Innovative Thinking

From Hollywood to Bay Street: Success is Defined By The Story You Tell

Hollywood1Recently I purchased a book called "The 101 Habits of Highly Successful Screenwriters." The book is different from others in its genre as it doesn't just look at what highly successful people DO, it digs deeper and looks at how they THINK.

What's striking about the content in the book is its similarities to challenges found in the business world. Whether you're an aspiring screenwriter, entrepreneur or corporate CEO, your challenges are quite similar. At some point in your career, success will depend on how well you can sell your story to people prepared to buy it.

David Brown, a renowned Hollywood producer, once said that "Nothing counts as much as the story, because it is the story that will attract the director, the actors, the studio, the money. The story is the thing." It's the same in business. If you're the CEO of a public company, you better have a compelling and engaging story to attract shareholders and investors. Money begets money, and one way to get it is to have a good story. People tend to gather around a good idea, so make your story compelling and find an innovative way to help solve someone else's problem. Make yourself indispensible and they won't be able to get enough of you.

From the glitz and glam of Hollywood to the driven financial core of Bay Street, success is defined by the story you tell. You have to have something of importance to say, something that's different and cuts through the clutter. You have to tell your story in an engaging way, and develop nerves of steel and dogged determination to be sure your story is heard by the right people, at the right time. Your career will be full of rejection, but successful people are able to take that criticism and constructively use it to get their own story heard.

So take your talent, and hone it through intense dedication to your craft. Feed your passion, and develop the skills needed to effectively present and sell ideas to people who can benefit most from those ideas.

Don't give up. The world is waiting for a good story. Let yours be the one everyone starts talking about and your world will open up in ways you never dreamed possible.

What other similarities do you see between the challenges faced by people in creative industries - and those faced by people who work in the corporate world? Do you think all successful people share the same traits? If so, which ones?


Innovation and Business - An Unnatural Partnership?

I have been on several job interviews lately, and it amazes me that many companies (and interviewers) are still unable to think outside of the box. I continue to get asked the same standard questions over and over again, many of which are not even directly related to the position. When given a chance to ask my pre-prepared questions, several interviewers aren't even able to give solid answers to basic inquiries. In many cases, they end up hiring the same type of person who performed the same duties with a company in the exact same industry (note the repetition of the word "same" here?)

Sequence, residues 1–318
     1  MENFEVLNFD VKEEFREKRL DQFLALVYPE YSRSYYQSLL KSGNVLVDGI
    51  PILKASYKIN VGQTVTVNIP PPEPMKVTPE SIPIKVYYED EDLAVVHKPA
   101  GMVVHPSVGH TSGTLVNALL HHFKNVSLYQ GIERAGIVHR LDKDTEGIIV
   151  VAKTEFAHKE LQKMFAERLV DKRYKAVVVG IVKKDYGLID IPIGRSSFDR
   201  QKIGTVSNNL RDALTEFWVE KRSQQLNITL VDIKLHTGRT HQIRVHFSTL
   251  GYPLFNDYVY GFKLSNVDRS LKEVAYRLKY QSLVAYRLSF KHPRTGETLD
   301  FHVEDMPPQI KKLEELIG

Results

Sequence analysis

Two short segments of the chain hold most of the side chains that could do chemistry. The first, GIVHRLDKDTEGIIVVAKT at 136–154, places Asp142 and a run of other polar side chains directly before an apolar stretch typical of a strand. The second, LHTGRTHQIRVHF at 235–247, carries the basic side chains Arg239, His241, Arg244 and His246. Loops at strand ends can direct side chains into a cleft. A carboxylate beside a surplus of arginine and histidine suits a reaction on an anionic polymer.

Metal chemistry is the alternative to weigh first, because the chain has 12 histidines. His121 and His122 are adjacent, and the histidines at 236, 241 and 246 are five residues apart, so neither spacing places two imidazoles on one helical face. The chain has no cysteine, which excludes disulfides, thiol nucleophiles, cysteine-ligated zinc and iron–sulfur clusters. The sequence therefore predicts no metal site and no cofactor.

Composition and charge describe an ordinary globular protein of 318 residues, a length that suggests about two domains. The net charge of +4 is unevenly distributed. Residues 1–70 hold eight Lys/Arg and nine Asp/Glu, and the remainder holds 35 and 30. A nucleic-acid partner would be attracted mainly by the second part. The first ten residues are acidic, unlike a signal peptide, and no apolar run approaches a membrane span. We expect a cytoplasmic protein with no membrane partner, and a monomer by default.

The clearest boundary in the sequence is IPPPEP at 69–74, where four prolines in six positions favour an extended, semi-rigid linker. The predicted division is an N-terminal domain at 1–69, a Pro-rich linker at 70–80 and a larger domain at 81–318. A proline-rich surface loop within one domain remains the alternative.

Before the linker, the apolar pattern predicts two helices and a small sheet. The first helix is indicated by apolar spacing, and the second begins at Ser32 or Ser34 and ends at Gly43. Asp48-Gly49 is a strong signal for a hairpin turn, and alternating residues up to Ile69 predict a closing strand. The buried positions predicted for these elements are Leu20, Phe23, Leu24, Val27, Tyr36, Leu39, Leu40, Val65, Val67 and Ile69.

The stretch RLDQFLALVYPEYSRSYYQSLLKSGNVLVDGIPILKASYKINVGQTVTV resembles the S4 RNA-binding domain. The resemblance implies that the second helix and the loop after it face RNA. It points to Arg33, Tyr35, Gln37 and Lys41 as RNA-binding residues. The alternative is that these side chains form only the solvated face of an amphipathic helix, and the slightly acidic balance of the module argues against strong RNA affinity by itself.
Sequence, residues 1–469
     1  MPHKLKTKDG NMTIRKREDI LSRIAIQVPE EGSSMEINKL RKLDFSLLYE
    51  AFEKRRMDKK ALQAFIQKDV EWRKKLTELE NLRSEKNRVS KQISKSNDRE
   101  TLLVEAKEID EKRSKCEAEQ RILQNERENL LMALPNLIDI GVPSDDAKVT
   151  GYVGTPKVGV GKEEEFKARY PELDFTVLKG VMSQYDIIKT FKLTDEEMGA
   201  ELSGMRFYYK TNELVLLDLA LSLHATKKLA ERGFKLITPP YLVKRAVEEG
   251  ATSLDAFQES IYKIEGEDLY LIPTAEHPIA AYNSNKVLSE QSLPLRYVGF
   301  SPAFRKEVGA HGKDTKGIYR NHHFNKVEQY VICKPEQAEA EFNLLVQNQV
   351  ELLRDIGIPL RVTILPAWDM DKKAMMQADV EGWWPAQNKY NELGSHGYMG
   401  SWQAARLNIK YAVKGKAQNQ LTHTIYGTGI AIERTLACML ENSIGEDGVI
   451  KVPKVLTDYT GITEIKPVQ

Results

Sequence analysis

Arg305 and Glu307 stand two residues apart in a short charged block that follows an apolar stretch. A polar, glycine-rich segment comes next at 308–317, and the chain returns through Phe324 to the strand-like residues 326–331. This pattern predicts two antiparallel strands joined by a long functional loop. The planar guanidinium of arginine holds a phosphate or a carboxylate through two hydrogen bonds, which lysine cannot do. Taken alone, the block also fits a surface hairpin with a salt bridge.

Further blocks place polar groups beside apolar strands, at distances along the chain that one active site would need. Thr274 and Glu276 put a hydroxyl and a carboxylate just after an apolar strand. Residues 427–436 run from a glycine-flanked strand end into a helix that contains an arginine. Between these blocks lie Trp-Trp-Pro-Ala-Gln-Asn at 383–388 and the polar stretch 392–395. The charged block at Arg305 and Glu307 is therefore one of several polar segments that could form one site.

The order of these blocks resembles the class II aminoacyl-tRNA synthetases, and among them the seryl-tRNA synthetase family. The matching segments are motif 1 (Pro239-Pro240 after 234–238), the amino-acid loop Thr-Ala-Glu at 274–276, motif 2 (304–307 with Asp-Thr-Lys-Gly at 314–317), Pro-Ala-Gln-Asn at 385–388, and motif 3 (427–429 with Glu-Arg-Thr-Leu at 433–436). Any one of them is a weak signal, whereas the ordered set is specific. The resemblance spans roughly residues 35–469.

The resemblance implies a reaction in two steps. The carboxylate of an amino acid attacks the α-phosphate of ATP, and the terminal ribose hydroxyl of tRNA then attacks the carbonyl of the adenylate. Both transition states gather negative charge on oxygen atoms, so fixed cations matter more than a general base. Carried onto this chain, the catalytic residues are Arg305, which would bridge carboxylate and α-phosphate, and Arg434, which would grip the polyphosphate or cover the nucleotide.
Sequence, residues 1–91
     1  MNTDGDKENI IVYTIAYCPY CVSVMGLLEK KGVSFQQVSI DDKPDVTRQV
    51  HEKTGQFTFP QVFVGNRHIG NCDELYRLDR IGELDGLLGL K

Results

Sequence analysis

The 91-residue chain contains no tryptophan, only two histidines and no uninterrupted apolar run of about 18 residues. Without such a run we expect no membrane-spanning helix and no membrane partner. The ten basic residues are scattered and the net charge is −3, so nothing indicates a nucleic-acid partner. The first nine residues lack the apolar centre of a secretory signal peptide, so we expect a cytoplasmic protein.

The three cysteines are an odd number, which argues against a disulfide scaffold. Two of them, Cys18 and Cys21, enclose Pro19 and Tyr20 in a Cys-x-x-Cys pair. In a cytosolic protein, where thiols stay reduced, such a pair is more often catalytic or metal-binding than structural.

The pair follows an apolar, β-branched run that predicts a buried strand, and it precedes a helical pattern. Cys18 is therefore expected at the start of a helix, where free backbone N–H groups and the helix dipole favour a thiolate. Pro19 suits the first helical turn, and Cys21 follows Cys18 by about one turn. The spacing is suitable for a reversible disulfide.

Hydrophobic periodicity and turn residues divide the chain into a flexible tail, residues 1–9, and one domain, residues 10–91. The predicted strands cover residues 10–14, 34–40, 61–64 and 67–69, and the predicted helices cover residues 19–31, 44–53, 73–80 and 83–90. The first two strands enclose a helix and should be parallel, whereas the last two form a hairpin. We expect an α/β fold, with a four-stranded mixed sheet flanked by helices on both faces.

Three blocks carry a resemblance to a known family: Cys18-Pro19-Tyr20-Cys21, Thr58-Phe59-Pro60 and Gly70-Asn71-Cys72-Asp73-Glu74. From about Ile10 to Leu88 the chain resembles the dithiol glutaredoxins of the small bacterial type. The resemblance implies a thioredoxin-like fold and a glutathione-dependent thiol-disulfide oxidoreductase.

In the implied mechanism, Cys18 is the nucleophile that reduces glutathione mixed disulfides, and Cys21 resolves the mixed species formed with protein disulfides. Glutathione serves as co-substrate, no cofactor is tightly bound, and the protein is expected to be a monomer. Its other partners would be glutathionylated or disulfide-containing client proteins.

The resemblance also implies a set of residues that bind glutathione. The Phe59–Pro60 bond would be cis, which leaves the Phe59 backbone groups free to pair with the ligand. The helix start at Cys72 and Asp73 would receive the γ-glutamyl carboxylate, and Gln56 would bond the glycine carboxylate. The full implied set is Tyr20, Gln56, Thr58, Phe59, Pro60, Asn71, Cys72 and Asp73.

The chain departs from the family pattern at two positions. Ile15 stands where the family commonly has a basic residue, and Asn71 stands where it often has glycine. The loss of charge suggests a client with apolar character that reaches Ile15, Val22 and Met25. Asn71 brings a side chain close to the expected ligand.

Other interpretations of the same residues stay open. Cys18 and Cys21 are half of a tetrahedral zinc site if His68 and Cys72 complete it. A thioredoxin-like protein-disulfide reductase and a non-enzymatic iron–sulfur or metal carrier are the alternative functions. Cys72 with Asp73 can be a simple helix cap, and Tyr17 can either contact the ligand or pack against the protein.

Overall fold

Six months later, I see the same positions advertised because the person they just hired already quit and changed companies. What's wrong with this picture? What's so frustrating is that many companies are unable to see beyond the words on a resume. Qualifications and experience are definitely important, but what about other signs that the candidate would be a good match?

If someone took a new communications job with a not-for-profit organization, had zero budget to work with and no paid staff (only volunteer help), and then was able to pull off a national awards show complete with major sponsorship deals and national media coverage...what does that tell you about that person - and their ability to build relationships, take initiative and complete a task?

Albert Einstein once said that "Our thinking creates problems which the same level of thinking can't solve." If businesses keep making decisions based on the same old criteria and belief in what are frequently outdated assumptions, then there will be no innovation - and no resulting growth. Yet many organizations keep complaining that they don't like the way things are, yet take no action to enable change. To recognize market opportunities or threats would mean challenging old assumptions and rules that made the company what it was in the first place.

Perhaps one answer to the dilemma is to incorporate more "ideas" people into organizations. People who are still able to work with the status quo, but are unafraid to shake things up a little bit.

James Champy, author of "Re-Engineering Management," describes the perception of business this way.."People like to think that businesses are built of numbers (as in the 'bottom-line'), or forces (as in 'market forces'), or things ('the product'), or even flesh and blood ('our people'). But this is wrong...Businesses are made of ideas - expressed as words."

If this is true, then the success of a business will be based on the quality of its ideas. As Howard Sherman and Ron Schultz say in their book "Open Boundaries: Creating Business Innovation Through Complexity"..."If our ideas are out of date, the behaviours they drive will be out of date."

It's time for businesses to think differently. History has shown that it is possible to be wildly successful and innovative. In fact, many of the world's major brands started as a result of great innovative ideas - HP, Coca-Cola, Ford, General Electric. What determines future success is their ability to let innovation guide them through a world of increasingly complex change.